Dancer captures a time and a place and a mood, and it does so with poetry and while telling a hell of a funny, debauched, and crushingly sad, story. Malone and Sutherland are both archetypes and real people, they are Huck and Jim in gay Manhattan, and we care deeply about them. We look forward to seeing what Sutherland will have to say next and to finding out how the beautiful and damned Malone--that über circuit queen--can screw up his life any further. Holleran's Malone and Sutherland are misguided, exaggerated and decadent, and frequently horrible moral role models. And they are all too human.
Let me say this: I personally stopped all of my circuit-like behavior two years ago. I'm 37 and, as many of us know, that's ancient for a gay man. It was unseemly to keep doing what I was doing--something that Sutherland would have understood, even if he wouldn't necessarily have let his age stop him. Dancer from the Dance helped me put closure on that period of my life, my youth, and to do so with grace and a wistful smile and, yes, profound sadness. I don't have the option of getting lost in Long Island Sound. Instead, I did what Nick did at the end of Gatsby: I returned to my Midwestern roots. Knowing that Sutherland and Malone managed to escape that retreat somehow makes my own plight seem less mundane. Dancer From the Dance is a great book with all the hallmarks of a lasting work of literature--and time will have to prove me right on that.
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5.0 von 5 Sternen Universal Truths, 27. Januar 2000
I've had the privilege of chairing several literary-discussion groups that dealt with "Dancer from the Dance," one with all gay men, another with gay men and lesbians, a third with straight women. Everybody liked the book, but it means different things to different people. For the generation of gay men born between about 1940 and 1955, it is the story of their life, the pain of coming out and the lyricism of finding that first love as an adult. For younger gay men and lesbians it is partly a period piece but the emotional impact still holds true, as it does for the straight readers.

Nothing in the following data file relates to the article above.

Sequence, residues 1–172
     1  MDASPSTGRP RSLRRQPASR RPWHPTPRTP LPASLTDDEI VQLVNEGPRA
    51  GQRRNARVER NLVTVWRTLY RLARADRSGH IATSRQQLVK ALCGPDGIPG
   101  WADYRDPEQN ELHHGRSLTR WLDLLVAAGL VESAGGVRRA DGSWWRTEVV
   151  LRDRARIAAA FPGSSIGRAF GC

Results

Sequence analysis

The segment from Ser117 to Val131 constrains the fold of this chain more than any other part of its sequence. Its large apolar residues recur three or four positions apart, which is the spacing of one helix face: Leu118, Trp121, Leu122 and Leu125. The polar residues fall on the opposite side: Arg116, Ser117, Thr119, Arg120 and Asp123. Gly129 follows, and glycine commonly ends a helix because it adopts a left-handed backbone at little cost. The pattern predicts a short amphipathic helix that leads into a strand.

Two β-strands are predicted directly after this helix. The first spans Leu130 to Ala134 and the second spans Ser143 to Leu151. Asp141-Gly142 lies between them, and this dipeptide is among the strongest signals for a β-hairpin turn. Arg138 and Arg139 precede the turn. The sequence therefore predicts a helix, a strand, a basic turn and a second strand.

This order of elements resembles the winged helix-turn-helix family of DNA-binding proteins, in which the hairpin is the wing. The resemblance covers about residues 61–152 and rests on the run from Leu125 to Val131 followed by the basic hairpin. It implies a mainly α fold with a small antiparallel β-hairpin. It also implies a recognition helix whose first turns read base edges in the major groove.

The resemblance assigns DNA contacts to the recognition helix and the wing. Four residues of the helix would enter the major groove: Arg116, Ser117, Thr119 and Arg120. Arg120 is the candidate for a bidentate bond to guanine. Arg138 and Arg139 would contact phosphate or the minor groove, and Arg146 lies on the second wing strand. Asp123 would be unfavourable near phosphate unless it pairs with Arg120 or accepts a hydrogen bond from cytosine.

The novel about the misunderstood, middle-class gay boy who grows up absurd, sublimates himself in a career, and then comes out with a bang in his mid-twenties is a cliche among gay American fiction, but I can think of no books that do it as well as "Dancer from the Dance." To know this book is to love it.
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5.0 von 5 Sternen One of the best gay novels yet published!, 26. November 1997
Often cited as "the" gay novel of the post-Stonewall generation, "Dancer From the Dance" is a lyrical account of the frenetic life of gay men caught up in the hard-partying "circuit" of Manhattan and Fire Island in the mid-1970's. Hollaran's enigmatic protagonist, Anthony Malone, is a man of nearly unearthly masculine beauty who has left his unloved profession as a lawyer to pursue a life of lust and pleasure in his personal, endless search for love. Poetic, and often moving, the novel paints a colorful picture of a pack of driven hedonists, endlessly in quest of "the perfect man", moving through discos, bars, bathhouses, and parties of almost baroque proportions. The book is levened with comic moments, largely supplied by Sutherland, Malone's outrageous, advice spewing friend, mentor and den mother, who moves effortlessly between the heady worlds of the heterosexual jet set and the gay demimonde. Malone's wistful longing to recapture his one successful male-to-male relationship with the married, violent Frankie is hauntingly described. Overall, a very satisfying novel, vivid and vital despite the passivity of Malone. And the equivocal ending stays with one. Holleran's subsequent books have not been nearly as satisfying, but so profound an impact did "Dancer From the Dance" make on the gay community that, for years after its publication in 1977, anonymous graffiti appeared throughout New York's Greenwich Village, plaintively proclaiming: "Malone Lives!"